At this point, if you ran the code so far, you’d see that there were three remaining possible answers. Here Derek states that he knows the weight of Albert’s fish and Ernest concurs. For Derek to know this (knowing his own fish’s weight) means that there is a unique solution: if Derek’s fish’s weight is X then Albert’s is unequivocally Y. We therefore have to search for this unique answer.

We go through the array of possible answers, and for each pair of Derek and Albert’s weights, we search through the array again looking for a duplicate answer that has the same Derek weight, but a different Albert weight.

``````  var hasDifferentDuplicate = function(s, currWeight, maxWeight) {
return s.find(function(a) {
return ((a.isOK) &&
(a.weights[forDerek] === currWeight) &&
(a.weights[forAlbert] !== maxWeight));
}) !== undefined;
};``````

If we find at least one for a given Derek fish weight, we then have to mark all duplicates with the same weight as invalid.

``````  var clearDuplicates = function(s, currWeight) {
s.forEach(function(a) {
if (a.isOK && (a.weights[forDerek] === currWeight)) {
a.isOK = false;
}
});
};``````

And this makes Derek’s function look like this:

``````  var satisfyDerek = function(s) {
s.forEach(function(a) {
if (a.isOK) {
if (hasDifferentDuplicate(s, a.weights[forDerek], a.weights[forAlbert])) {
clearDuplicates(s, a.weights[forDerek]);
};
}
});
};``````

Finally, we can wrap all this code up and print out the answer (hopefully only one) on the console.

``````/*jslint white this */
/*global console*/
(function () {
"use strict";

var forAlbert = 4;
var forBert = 3;
var forCharlie = 2;
var forDerek = 1;
var forErnest = 0;

var calculateAllPossibleSolutions = function() {
var s = [];
for (var v = 2; v < 11; v += 1) {
for (var w = v + 1; w < 11; w += 1) {
for (var x = w + 1; x < 11; x += 1) {
for (var y = x + 1; y < 11; y += 1) {
var z = 25 - v - w - x - y;
if (z > y) {
s.push({weights: [v, w, x, y, z], isOK: true});
}
}
}
}
}
return s;
}

var isHeavier = function(s, maxWeight, index) {
return s.find(function(a) {
return a.isOK && (a.weights[index] >= maxWeight);
}) === undefined;
};

var hasDifferentDuplicate = function(s, currWeight, maxWeight) {
return s.find(function(a) {
return ((a.isOK) &&
(a.weights[forDerek] === currWeight) &&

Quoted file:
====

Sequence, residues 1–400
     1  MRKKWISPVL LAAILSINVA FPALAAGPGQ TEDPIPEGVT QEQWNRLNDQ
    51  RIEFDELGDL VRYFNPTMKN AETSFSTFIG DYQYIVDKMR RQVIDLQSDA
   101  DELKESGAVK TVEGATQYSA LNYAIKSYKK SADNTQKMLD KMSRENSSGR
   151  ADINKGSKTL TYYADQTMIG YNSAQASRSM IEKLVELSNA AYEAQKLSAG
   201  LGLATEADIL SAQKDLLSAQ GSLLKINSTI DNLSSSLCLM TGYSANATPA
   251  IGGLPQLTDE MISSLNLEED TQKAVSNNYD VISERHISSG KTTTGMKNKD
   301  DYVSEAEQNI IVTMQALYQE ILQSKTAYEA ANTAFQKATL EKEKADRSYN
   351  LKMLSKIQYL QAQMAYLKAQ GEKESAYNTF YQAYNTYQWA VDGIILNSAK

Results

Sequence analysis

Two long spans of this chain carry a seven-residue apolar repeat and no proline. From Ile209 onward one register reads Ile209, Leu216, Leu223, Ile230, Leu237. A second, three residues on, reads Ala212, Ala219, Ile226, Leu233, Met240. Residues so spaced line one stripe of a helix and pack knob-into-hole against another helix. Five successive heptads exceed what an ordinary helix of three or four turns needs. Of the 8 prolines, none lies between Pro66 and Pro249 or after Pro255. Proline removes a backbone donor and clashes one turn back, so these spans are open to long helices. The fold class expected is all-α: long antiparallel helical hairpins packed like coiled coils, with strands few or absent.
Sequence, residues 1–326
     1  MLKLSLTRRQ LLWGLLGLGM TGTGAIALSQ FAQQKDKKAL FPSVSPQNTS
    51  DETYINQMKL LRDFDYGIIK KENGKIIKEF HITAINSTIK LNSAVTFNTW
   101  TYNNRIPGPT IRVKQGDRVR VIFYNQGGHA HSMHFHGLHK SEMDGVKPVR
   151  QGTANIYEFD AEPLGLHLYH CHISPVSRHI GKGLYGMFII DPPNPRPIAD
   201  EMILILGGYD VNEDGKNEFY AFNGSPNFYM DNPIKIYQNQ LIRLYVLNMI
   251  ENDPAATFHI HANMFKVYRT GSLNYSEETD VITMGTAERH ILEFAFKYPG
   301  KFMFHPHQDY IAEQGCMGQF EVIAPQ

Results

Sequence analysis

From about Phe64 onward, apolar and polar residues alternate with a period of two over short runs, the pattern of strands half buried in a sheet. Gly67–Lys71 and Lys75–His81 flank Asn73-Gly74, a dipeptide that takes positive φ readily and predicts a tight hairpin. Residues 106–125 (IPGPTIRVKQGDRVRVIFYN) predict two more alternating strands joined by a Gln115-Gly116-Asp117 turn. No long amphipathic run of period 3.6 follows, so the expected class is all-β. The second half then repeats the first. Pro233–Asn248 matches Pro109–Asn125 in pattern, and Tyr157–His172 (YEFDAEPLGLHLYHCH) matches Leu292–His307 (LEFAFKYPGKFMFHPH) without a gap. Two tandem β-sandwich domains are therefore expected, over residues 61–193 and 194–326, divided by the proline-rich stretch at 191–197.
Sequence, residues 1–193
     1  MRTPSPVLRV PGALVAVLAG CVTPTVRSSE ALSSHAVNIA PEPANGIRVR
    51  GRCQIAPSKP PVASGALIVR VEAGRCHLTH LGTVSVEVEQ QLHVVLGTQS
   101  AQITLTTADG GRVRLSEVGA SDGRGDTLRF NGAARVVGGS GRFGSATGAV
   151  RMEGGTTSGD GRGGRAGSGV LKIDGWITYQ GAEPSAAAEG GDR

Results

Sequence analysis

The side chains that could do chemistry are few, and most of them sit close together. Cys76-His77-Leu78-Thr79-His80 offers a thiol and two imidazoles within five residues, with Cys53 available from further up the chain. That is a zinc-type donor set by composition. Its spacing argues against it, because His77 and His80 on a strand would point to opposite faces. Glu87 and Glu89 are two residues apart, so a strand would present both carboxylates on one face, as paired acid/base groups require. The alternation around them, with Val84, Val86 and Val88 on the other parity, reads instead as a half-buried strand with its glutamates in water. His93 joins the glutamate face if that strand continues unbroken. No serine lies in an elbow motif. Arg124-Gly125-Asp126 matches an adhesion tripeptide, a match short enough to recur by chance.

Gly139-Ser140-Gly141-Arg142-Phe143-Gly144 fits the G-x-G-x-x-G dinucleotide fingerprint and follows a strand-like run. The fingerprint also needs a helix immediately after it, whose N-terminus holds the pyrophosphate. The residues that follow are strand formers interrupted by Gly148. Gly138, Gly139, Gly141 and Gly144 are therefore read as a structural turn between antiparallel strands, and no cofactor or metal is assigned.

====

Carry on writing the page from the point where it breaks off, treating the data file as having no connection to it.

(a.weights[forAlbert] !== maxWeight));
}) !== undefined;
};

var clearDuplicates = function(s, currWeight) {
s.forEach(function(a) {
if (a.isOK && (a.weights[forDerek] === currWeight)) {
a.isOK = false;
}
});
};

var satisfyAlbert = function(s) {
s.forEach(function(a) {
if (a.isOK) {
a.isOK = isHeavier(s, a.weights[forAlbert], forBert)
}
});
};

var satisfyBert = function(s) {
s.forEach(function(a) {
if (a.isOK) {
a.isOK = isHeavier(s, a.weights[forBert], forCharlie)
}
});
};

var satisfyCharlie = function(s) {
s.forEach(function(a) {
if (a.isOK) {
a.isOK = isHeavier(s, a.weights[forCharlie], forDerek)
}
});
};

var satisfyDerek = function(s) {
s.forEach(function(a) {
if (a.isOK) {
if (hasDifferentDuplicate(s, a.weights[forDerek], a.weights[forAlbert])) {
clearDuplicates(s, a.weights[forDerek]);
};
}
});
};

var printFishWeight = function(a, angler, index) {
console.log(angler + "'s fish weighed", a.weights[index], "lbs");
};

if (a.isOK) {
printFishWeight(a, "Albert", forAlbert);
printFishWeight(a, "Bert", forBert);
printFishWeight(a, "Charlie", forCharlie);
printFishWeight(a, "Derek", forDerek);
printFishWeight(a, "Ernest", forErnest);
return true;
}
});

}());``````

```Albert's fish weighed 8 lbs
Bert's fish weighed 6 lbs
Charlie's fish weighed 5 lbs
Derek's fish weighed 4 lbs
Ernest's fish weighed 2 lbs```

Again, if you have Node.js installed, save this script as, say `puzzletwo.js`, and you can just run it from the command line with `node puzzletwo.js`.

This time, I’d have to say that I’m using a more functional style of programming, something that would not have been available back then with FORTRAN. To which I say, thanks heavens for that. Writing this out in FORTRAN would certainly be an exercise to sort the pros from the novices…  Loading links to posts on similar topics...

#### 1 Response ##### #1julian m bucknall said...
25-Jul-17 2:11 PM

One thing that I hadn't discussed in writing this blog post was why I bothered with this `isOK` property. Why not just delete the rejected possibilities from the array as and when the code finds them?

The reason is simple: you should never delete items (or indeed add one) from an array as you are walking through it. This goes especially for the built-in methods like `forEach` and `find` and what have you. You have no idea how they're implemented and whether you'd miss an item or try to access beyond the end of the array or something equally dire when you delete an item.

Cheers, Julian